Anyone who’s found themselves sweating over the intimidating void of the blank page will know that inspiration can sometimes be an elusive mistress but when the ideas do flow unbidden, how do we identify the source of this bountiful creative wellspring? Inspired by a recent turmoil in artist Carolina Murayama’s life and its impact on her creative output, Murayama from São Paulo-based sibling filmmakers Irmãos Meirelles (Marilia & Fabio) explores the hidden complexity inside mundane and seemingly irrelevant moments which lead us to new ideas. Watch it below, after which Fabio reveals how his 10 year strong working relationship with Marilia enabled the pair to capture “what’s not immediately visible” for this bootstrapped project.
As creatives yourselves where do you personally find inspiration?
We find inspiration in day to day life, we try to interpret what happens in our lives through a storytelling/cinematic lens. Of course other creative work, constantly looking at references, travelling…all of that helps.
How did you first become aware of Carolina Murayama’s work and what motivated this approach for capturing her artistic practice?
As far as becoming aware of Carol and her work, I knew her personally. I didn’t have a deep knowledge of her work and habits, but she dated my best friend from childhood for a few years. They broke up earlier this year and she moved to a new place and decided to paint a mural to sort of mark the transition. She spoke to me informally about it, about maybe doing a video of it. I got more interested in the process behind it, how she got there, Marilia joined, and the film was born.
Our initial approach was to make a film about the creative process and not actually show the artist doing the work. We were interested in what’s not immediately visible, so met with Carol before shooting and realised that for her, mundane things such as doing the dishes are as much part of the creation process as praying in a Buddhist temple. That became the concept.
Could you take us through the production process of Murayama?
We only had one day to shoot, so we wanted to start with the blank wall in her studio and then move to the outside. The idea was to begin with a more rational approach to art and then have her feelings become part of the visualisation in the exterior shots. We don’t know where inspiration comes from or when it strikes, but with Murayama we wanted to show that it could be from anywhere.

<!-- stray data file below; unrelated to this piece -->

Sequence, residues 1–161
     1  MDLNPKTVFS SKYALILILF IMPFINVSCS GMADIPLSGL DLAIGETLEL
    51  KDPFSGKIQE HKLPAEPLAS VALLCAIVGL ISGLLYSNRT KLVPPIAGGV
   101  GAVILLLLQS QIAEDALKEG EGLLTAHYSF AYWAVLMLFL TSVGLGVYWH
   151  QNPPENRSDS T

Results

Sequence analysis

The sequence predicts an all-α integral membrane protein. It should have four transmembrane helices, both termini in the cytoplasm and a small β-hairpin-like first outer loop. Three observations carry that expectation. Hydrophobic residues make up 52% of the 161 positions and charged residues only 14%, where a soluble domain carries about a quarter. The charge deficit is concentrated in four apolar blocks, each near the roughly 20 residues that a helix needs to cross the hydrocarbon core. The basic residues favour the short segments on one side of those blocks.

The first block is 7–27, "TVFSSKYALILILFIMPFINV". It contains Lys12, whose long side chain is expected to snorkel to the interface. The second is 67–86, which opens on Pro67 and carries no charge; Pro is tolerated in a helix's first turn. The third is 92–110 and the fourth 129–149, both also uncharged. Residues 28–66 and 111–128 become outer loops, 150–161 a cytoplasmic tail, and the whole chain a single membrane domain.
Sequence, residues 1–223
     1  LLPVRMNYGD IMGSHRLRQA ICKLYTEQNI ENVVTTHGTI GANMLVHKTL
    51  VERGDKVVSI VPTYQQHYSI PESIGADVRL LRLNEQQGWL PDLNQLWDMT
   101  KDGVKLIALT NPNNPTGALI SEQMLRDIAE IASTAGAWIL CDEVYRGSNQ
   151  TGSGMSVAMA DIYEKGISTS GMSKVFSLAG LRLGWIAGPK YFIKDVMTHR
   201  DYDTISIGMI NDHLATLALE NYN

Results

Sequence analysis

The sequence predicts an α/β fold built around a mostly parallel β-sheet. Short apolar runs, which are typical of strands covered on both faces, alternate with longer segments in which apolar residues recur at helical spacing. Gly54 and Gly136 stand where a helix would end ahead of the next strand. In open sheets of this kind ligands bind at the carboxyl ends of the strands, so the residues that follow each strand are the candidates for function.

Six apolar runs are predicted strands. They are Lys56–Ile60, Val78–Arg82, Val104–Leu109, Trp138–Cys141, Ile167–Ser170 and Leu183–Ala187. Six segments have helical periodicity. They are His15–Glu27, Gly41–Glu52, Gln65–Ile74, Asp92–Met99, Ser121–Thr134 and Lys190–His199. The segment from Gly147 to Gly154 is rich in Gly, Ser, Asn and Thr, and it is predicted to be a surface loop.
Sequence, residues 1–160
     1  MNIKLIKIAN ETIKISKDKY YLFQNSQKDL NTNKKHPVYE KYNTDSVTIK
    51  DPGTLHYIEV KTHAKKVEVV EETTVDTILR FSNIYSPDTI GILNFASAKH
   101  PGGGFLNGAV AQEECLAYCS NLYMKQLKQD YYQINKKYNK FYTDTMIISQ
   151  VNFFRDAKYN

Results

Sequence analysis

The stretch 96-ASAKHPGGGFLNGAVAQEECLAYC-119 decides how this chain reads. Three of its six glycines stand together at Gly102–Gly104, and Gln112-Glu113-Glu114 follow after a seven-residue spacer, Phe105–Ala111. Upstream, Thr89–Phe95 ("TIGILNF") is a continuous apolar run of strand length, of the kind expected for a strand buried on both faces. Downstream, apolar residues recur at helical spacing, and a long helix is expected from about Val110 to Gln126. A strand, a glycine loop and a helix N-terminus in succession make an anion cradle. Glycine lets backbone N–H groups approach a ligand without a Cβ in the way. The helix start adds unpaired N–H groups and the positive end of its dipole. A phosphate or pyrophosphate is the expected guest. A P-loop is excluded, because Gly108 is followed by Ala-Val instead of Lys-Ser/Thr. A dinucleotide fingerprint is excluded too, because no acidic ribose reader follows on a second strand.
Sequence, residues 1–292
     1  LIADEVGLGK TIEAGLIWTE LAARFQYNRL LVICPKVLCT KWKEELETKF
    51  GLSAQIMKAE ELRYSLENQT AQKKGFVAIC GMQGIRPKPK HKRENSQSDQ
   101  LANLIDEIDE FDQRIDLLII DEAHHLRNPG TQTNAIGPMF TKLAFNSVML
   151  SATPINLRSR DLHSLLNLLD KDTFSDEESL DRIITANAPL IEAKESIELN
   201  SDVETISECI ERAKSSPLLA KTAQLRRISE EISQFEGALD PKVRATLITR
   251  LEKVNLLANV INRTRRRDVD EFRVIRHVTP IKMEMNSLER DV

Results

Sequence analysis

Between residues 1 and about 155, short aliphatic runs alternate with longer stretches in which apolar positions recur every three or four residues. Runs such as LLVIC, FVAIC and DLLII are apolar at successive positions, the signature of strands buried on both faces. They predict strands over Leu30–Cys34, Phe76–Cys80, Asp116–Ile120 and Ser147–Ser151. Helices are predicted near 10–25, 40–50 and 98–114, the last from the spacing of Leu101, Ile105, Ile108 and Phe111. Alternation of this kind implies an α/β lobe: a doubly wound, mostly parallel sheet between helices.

We shot on Alexa Mini with Cooke Special Flare Anamorphics and lit with 2 S60 skypanels. The whole package was lent as a favor by the rental company following an advertisement shoot. That’s why we only had one day to shoot, but we think constraint can be a motivation.
The post production was a bit tricky because we had to figure out how the artwork would be present in the scenes. Having it digitalised made it possible for the team at Smart Diseños to try different things, in a very collaborative way. Ultimately, it made the film more aesthetically pleasing while also making the concept stronger, since we only show the art when she has her back to the camera, looking at the world for inspiration.
We don’t know where inspiration comes from or when it strikes, but with Murayama we wanted to show that it could be from anywhere.
Given that the two of you wear multiple production hats, how do you decide which roles you’ll each fulfil on a project such as this?
As far as the roles we play, it’s pretty organic…we’ve been working together for 10 years now and also we pretty much know what the other one’s thinking being brother and sister. In the advertising world, we usually take on different things on the projects. I’m more involved in the photography, the technical side (some films I’m the DP myself) and Marilia oversees production design, wardrobe, casting…both of us edit our films. We think pretty alike, so it’s often that we’ll just manage different parts of the crews and share the same vision. For this project, it wasn’t different.
Do you have any new films in the works that we should be on the lookout for?
We have a few ads we’re in pre-production and, as always, writing treatments for the ones still in the budget phase. As for our own work, we have a feature length doc in the final steps of post production, it should do the festival circuit next year. It’s about the culinary world and the cultural influences big chefs have on it.
Murayama is one of the many great projects shared with the Directors Notes Programmers through our submissions process. If you’d like to join them submit your film.